Look at it from the opponent's point of view. The focus for them is to get the attention away from immigration. Everyone running in the Republican primary all support 1070. For them, the trick is to pivot and take the attention away from her signing the bill and get it back on what the race is about in the beginning. Her supporting a sales tax increase. I don't think if John Munger or Dean Martin has the resources but I do think Buzz Mills -- he's unknown, and wealthy. Already put $2 million in the race -- could certainly do that. When I look at this race, does it help Brewer, does it hurt her? I think it helps her, but I also think it hurts John Munger and Dean Martin more so.

Mike Sunnucks:
We talk about she had no choice but to sign the bill. Maybe it's the immigration issue or partisan politics. But there should be some gray area. But she's able to veto a bad bill and the immigration issue is so black and white to people, if she would have vetoed it, she comes across --

Jim Small:
That's it. Even the climate we're in, the years of federal inaction, the frustration built up. It really is black or white. Let's be honest. People don't generally understand or know what is exactly in the bill. They know it's tough on illegal immigration, but may not understand the various nuances or arguments that say that civil liberties could be under attack. You get the rhetorical bomb throwing -- a hard line immigrant-bashing person.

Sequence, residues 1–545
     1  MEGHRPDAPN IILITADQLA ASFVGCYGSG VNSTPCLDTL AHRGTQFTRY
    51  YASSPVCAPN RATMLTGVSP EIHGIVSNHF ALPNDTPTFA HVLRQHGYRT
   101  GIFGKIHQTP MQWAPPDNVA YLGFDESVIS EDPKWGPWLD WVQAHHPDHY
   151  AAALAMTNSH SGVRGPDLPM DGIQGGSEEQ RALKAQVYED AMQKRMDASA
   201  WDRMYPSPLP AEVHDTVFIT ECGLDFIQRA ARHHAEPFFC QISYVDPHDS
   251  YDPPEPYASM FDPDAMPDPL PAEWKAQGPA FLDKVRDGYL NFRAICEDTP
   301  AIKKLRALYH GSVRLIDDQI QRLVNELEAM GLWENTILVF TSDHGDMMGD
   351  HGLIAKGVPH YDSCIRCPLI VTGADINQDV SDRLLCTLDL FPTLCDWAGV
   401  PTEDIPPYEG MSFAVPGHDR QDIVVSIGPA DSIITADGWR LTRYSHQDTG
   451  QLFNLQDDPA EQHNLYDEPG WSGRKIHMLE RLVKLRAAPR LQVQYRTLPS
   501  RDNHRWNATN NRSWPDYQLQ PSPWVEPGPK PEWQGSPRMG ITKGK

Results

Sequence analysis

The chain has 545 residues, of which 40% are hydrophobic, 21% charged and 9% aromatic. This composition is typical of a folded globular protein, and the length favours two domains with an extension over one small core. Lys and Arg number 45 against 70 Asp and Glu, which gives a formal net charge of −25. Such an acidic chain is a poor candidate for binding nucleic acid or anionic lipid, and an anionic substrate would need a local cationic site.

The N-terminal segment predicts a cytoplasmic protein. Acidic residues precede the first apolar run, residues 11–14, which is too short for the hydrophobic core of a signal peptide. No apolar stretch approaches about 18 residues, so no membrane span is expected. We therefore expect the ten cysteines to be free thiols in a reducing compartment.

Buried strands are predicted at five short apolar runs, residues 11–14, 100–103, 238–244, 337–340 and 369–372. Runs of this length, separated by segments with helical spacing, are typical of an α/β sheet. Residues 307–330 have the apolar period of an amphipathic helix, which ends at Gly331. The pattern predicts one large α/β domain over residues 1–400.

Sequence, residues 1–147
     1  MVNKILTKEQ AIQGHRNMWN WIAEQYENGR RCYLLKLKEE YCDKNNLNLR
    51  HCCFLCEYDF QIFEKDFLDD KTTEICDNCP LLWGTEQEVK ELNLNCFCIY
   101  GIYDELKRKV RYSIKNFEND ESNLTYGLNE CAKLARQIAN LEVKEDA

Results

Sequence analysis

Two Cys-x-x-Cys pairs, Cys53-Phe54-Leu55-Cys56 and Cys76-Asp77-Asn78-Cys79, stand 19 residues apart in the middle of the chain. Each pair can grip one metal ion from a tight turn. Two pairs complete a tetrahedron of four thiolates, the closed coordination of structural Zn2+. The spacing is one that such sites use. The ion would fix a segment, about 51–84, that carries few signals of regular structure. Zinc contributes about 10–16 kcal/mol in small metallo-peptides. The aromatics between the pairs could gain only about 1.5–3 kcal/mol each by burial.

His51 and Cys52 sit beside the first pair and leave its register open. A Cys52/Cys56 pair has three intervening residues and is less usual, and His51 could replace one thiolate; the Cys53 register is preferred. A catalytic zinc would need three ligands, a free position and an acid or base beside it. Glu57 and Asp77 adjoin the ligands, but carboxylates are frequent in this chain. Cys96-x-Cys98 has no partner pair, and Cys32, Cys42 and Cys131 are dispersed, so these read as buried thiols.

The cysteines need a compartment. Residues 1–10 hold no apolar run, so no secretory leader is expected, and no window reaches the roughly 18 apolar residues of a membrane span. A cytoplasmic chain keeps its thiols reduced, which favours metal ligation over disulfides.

Dennis Welch:
And in a different political climate, she may have had more options. But she's going after a tax increase. This has upset many in her party. I think in that perspective, she didn't have much of a choice if she hopes to get reelected.

Ted Simons:
Phil Gordon is saying he'll try to get the city of Phoenix to sue for injunction. Sounds like the ACLU and a bunch of other groups are just waiting --

Mike Sunnucks:
The federal government.

Ted Simons:
The federal government could sue. We had the president of the United States even mentioning Arizona in a topic in this particular controversy. What are you seeing out there?